There were significant differences in the reports of physical symptoms of boys and girls. More girls reported physical symptoms, even though there were no differences in exposure to violence between boys and girls. This result points to the need for different psychosocial approaches for boys and girls. Children from north Gaza and Gaza City had the highest levels of physical symptoms. This result points to these children also as a priority for action.

Children reported the following physical symptoms:

97 per cent reported clinging to their parents;
94 per cent reported sleeping with their parents;
91 per cent reported having increased sleep disturbances;
85 per cent reported an appetite change (increase or decrease);
84 per cent looked stunned or dazed;
77 per cent reported crying more;
76 per cent reported aches and feeling ill; and
47 per cent reported biting their nails.
An emotional symptoms scale was constructed out of seven questions (alpha=0.74). The key findings were:

Overall, 39 per cent of children reported having one to five symptoms, 34 per cent reported having six symptoms and 27 per cent reported having all seven symptoms, compared to the period just prior to the hostilities.
There were no differences in symptom levels by sex, but there were significant differences by age, with older children reporting more symptoms. This result points to adolescents as a priority for action.
The assessment could not adequately address the symptoms of very young children, up to 6 years old. This may be because culturally appropriate instruments for surveys related to young children are lacking, or because the psychosocial needs of young children cannot be addressed adequately in a cross-sectional survey.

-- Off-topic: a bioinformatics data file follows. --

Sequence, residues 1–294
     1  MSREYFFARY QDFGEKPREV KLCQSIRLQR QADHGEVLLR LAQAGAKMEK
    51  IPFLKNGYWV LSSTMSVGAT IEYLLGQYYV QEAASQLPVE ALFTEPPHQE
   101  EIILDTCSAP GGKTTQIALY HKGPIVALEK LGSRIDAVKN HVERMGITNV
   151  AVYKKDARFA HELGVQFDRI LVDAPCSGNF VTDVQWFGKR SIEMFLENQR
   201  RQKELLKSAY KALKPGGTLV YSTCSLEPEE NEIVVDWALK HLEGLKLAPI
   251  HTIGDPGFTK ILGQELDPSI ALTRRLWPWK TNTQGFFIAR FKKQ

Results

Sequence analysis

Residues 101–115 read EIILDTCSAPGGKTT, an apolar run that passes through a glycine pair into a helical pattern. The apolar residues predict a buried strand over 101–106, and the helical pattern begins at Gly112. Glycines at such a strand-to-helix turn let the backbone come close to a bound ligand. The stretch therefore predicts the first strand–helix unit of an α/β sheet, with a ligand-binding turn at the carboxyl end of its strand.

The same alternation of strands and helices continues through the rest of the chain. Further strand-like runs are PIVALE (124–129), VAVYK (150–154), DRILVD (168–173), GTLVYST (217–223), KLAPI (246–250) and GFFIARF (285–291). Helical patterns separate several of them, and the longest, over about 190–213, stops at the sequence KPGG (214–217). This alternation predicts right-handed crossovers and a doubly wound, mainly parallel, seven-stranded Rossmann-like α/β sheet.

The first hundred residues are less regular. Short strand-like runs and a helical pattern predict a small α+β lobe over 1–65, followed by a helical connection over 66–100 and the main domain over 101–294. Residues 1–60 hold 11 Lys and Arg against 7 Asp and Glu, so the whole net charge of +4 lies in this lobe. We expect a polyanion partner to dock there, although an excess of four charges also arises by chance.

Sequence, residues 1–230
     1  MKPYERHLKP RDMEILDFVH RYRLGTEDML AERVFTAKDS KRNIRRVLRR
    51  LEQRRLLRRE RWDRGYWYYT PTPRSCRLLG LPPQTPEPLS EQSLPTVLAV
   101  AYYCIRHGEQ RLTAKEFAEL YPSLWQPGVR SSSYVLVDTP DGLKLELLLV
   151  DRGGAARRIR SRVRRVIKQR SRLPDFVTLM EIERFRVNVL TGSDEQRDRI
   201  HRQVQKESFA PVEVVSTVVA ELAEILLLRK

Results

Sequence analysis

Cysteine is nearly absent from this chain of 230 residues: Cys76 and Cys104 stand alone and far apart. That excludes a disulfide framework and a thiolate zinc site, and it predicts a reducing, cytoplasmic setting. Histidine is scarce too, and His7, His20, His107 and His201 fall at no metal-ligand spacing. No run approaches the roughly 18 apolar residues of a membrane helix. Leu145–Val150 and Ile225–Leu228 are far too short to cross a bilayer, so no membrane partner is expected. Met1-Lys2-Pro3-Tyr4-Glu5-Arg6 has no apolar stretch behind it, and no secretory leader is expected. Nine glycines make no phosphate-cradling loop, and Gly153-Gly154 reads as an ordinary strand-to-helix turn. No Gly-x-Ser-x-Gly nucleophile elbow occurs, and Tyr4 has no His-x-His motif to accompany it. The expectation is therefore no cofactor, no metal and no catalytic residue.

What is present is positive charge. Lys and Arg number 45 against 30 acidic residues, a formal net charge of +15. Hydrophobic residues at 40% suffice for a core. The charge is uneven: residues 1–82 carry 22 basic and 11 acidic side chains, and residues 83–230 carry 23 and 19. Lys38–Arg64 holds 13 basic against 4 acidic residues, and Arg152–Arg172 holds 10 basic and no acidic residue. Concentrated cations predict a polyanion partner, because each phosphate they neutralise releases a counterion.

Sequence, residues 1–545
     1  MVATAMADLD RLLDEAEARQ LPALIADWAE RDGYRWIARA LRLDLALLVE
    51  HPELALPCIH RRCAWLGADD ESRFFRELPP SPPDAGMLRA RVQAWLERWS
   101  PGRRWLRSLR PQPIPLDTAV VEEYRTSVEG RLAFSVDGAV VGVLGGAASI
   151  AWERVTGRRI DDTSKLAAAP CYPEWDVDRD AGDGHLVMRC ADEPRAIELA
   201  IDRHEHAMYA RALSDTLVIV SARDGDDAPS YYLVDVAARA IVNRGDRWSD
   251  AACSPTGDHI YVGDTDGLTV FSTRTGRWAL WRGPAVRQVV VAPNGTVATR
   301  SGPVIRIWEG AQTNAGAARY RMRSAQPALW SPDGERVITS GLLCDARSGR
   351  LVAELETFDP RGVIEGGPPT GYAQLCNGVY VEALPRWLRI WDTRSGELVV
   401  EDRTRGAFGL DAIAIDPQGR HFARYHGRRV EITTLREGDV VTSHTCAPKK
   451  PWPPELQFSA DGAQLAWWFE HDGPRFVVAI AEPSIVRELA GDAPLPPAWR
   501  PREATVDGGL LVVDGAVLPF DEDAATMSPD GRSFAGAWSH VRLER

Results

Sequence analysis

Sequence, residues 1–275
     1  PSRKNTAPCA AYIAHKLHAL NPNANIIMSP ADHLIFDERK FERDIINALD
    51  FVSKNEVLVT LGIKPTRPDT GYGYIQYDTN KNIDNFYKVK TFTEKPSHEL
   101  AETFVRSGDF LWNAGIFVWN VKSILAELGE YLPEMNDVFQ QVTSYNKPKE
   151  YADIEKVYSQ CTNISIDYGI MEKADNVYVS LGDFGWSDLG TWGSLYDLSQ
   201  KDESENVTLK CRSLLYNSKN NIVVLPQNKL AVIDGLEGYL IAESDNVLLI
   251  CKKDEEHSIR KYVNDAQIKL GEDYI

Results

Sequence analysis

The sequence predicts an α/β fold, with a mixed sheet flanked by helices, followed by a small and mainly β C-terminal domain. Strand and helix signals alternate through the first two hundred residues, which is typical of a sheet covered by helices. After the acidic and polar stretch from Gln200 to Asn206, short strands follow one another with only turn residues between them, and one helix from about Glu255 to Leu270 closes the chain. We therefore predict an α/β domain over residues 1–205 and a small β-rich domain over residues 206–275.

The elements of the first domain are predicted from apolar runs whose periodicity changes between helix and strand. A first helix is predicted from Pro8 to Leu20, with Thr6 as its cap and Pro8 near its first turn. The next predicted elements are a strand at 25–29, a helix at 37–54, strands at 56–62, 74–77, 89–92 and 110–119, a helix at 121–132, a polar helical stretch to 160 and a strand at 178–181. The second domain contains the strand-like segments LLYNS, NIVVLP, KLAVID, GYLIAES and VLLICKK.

Children from Gaza City, Rafah and north Gaza had the highest levels of symptoms compared to the other localities.

Children reported the following emotional symptoms:

97 per cent reported feeling insecure;
85 per cent reported difficulty in concentrating;
84 per cent reported feeling dazed or stunned;
82 per cent reported feelings of anger;
82 per cent reported symptoms of mental strain;
81 per cent reported increase in excessive nervousness; and
38 per cent reported feeling guilty.
A fears scale was constructed out of five questions (alpha=0.76). The findings were:

One third (34 per cent) of children reported no change in feelings of fear compared to the period before the attack, while 33 per cent of children reported an increase in fear (one to two fears), 24 per cent reported three to four fears, and 9 per cent reported having all five fears.
Boys reported significantly more fears than girls.
Children from north Gaza, Khan Younis and Gaza City reported more fears compared to the other localities.

Children reported the following fear symptoms:

80 per cent reported fear of loud sounds;
63 per cent reported fearing death;
62 per cent reported fear of being alone;
59 per cent reported fear of injury; and
57 per cent reported fear of leaving their house.

The assessment showed associations between symptoms and exposure to violence. The findings showed that physical and emotional symptoms were associated with being exposed to or witnessing violence. Thus, children who have been injured, have had their homes bombed or who have witnessed several violent events are a priority for action. These children live in north Gaza, Gaza City and Khan Younis.

There were also important associations between symptoms and feelings of fear, which should also be addressed, especially among boys. However, the assessment showed that emotional symptoms were linked to the child’s age, with more symptoms among older children, pointing to the need for support for the adolescent age group.

While the assessment has its limitations and cannot be generalized to all of the children of Gaza, it nevertheless provides the humanitarian sector with the basic tools and directions for immediate intervention.

It is well known that many of the symptoms related to exposure to violence disappear over time as children get back to normal life. Thus, bringing children back to normality is a priority for action.

The interim findings were presented to a combined meeting of the Child Protection Working Group and Mental Health and Psychosocial Working Group on 6 December 2012.